I read the obituaries in feminist papers today before I read the festival news. Every paper reports the deaths of the women who changed my life, women who died of cancer, and women who died from their own hands. Feminist leaders, thinkers, activists who died of disabilities that were supposed to kill them 30 years ago, and crones who dared to die as old old women. It is the passing of an era, a generation. Those of us still alive go back to school, raise children, fight for disability payments and search the eyes of women to find those who remember.

When Mary Daly died earlier this year, I found out on FaceBook. Her death was mourned by old lesbian-feminists, remembering what it felt like to hear a woman speak about tearing down the patriarchy – as Kate Clinton said, “We used to talk like that, use words like that ‘partriarchy’” – Mary Daly was a woman who dared to close her classes to men, so that women could learn and study together. Her death was celebrated, however, by my trans-activist friends. She was anti-trans, they said, and I learned she was indeed the dissertation chair for Janice Raymond’s hate-mongering book, The Transsexual Empire. I’m here to tell you something about Janice Raymond and her damn book. I was, and remain, a very well-read dyke. I NEVER heard of that book, until I started studying trans issues. I don’t know any lesbian-feminist who read that book. I bought my copy in a dollar bin at a feminist bookstore, two decades after it was printed. That book was never the voice of lesbian-feminism on trans issues. It was a book written by one woman, not the voice of a movement. Mary Daly, may have had many faults, including perhaps supporting Janice Raymond’s dissertation, and for all the ways he views appear limited, even quaint from today, she, in her day, an extremely radical thinker about gender. She born in a different generation and was the first person to say out loud, “Perhaps God is a woman,” an idea hardly radical to those of us who grew up rolling our eyes at Goddess-worshipping rituals. It is hard to understand the world that women lived in only 35 years ago, let alone 50-60 years ago, when Mary Daly was a rare woman who actually went to college. No wonder my aging lesbian-feminist friends are “nervous.” I fear that as we race into our cyber future, we may be losing track of history, of a valuable HERSTORY. Do not judge those who came before by the knowledge that has been gained since. Recognize that the knowledge we have today would not have been possible without their hard work. Do not forget that we stand on the shoulders of giants, women of enormous grandeur.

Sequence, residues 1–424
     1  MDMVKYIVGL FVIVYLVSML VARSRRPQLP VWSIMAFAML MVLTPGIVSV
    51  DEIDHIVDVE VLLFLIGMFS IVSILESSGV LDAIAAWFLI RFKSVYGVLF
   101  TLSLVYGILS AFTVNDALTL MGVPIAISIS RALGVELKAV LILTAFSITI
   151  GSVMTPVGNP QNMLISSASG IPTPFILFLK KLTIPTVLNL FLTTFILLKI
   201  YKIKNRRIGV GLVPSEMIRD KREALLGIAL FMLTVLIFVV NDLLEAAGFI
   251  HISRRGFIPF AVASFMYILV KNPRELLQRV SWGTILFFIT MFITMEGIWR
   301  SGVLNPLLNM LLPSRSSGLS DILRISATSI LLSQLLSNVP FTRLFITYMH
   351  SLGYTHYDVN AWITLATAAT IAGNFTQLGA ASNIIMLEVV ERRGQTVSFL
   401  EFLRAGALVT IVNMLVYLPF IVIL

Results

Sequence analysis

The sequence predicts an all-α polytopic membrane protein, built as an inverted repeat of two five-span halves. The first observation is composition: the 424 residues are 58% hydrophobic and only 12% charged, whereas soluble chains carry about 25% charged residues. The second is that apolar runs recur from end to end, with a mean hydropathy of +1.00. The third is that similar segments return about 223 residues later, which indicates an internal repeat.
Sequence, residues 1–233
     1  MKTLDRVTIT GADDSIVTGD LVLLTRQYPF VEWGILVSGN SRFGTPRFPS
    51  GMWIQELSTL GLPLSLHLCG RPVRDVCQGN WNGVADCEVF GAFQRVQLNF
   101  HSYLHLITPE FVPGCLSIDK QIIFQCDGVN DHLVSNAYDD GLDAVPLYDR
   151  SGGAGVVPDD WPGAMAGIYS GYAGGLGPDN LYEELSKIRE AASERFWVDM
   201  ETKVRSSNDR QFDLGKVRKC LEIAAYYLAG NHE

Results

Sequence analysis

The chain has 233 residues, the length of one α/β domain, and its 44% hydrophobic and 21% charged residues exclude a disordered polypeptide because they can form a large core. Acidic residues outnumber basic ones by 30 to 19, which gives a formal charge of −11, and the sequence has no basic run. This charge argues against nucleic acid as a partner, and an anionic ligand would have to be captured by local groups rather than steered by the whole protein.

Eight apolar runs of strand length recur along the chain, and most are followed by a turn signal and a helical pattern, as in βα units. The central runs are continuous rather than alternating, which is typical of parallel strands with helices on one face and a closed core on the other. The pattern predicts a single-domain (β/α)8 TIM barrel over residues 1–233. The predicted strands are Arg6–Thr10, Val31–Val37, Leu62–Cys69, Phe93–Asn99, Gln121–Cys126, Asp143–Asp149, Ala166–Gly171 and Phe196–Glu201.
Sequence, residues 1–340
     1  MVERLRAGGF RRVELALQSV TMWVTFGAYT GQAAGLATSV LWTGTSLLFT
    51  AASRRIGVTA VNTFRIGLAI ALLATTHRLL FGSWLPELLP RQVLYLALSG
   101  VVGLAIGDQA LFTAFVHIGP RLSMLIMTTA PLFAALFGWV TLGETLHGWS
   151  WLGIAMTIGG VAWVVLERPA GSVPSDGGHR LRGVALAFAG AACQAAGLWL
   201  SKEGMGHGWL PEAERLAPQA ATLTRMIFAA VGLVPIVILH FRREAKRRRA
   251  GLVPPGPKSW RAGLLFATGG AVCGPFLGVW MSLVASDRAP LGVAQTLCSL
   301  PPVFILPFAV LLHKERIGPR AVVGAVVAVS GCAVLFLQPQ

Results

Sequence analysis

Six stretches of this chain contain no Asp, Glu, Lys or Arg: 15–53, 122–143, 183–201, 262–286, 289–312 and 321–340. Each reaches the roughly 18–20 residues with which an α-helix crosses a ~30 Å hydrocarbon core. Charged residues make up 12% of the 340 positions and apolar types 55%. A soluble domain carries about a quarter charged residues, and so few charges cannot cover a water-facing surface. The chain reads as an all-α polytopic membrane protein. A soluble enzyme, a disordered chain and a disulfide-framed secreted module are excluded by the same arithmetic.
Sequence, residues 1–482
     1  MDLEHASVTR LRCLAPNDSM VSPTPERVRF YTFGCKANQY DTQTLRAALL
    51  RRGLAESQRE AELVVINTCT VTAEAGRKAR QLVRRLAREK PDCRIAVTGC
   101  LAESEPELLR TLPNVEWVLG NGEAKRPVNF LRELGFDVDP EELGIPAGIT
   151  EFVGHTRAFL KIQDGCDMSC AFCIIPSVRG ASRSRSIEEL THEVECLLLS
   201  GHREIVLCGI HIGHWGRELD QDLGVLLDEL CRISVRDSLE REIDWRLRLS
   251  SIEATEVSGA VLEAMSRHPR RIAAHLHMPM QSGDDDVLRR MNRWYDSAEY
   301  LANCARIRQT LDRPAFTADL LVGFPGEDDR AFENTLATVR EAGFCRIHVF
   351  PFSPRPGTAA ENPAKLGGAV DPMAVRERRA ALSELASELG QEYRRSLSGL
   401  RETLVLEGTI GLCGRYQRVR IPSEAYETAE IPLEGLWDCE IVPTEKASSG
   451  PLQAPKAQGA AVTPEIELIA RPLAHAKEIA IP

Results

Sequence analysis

Today, in the online social work course I teach, the female students insist they are not feminists. Of course they believe in equal rights and equal pay for equal work. Of course they think that “girls” should go to college and become doctors. Of course, they think they can have it all — work and children, love and a professional paycheck. They cannot believe that homosexuality once one in the psychiatric diagnostic manuals. They challenge me “Who could ever think homosexuality was a mental illness?” they ask incredulous.

They look up to me as their role model, but still believe that feminism is a bad word and that feminists hate men. I try to explain that it was actually men who hated women, and we rebelled, us feminists. I tell them that all they have in their lives today is the fruits of a movement that women planted with our own hands, the soil was our very bodies. The men in the class tell me that they too have been battered, by the hands of a woman, raped by their mothers. I tell them that all pain matters; women do not have a monopoly on victimization. But I also tell them the story of women’s liberation, of how battered women were called masochists who invited their husbands to beat them, and how fathers ruled their homes and rape in marriage was legal – and in some states still is. I tell them that I was 11 years old, in sixth grade, before I was allowed to wear pants to school, and they tell me they had no idea I was that old.

And somehow I have grown a bit old, not quite a crone, but no longer anywhere in the vicinity of young. I can see reflected in my students’ eyes that they see me as a graying fat maternal rendition of their mother, a bit hipper perhaps, but from another generation, someone with a view from a far. My feminism is quaint to them, not the radical edge of human transformation, but nostalgia from a bygone generation. I have become, in their eyes, a woman who still thinks that gender matters.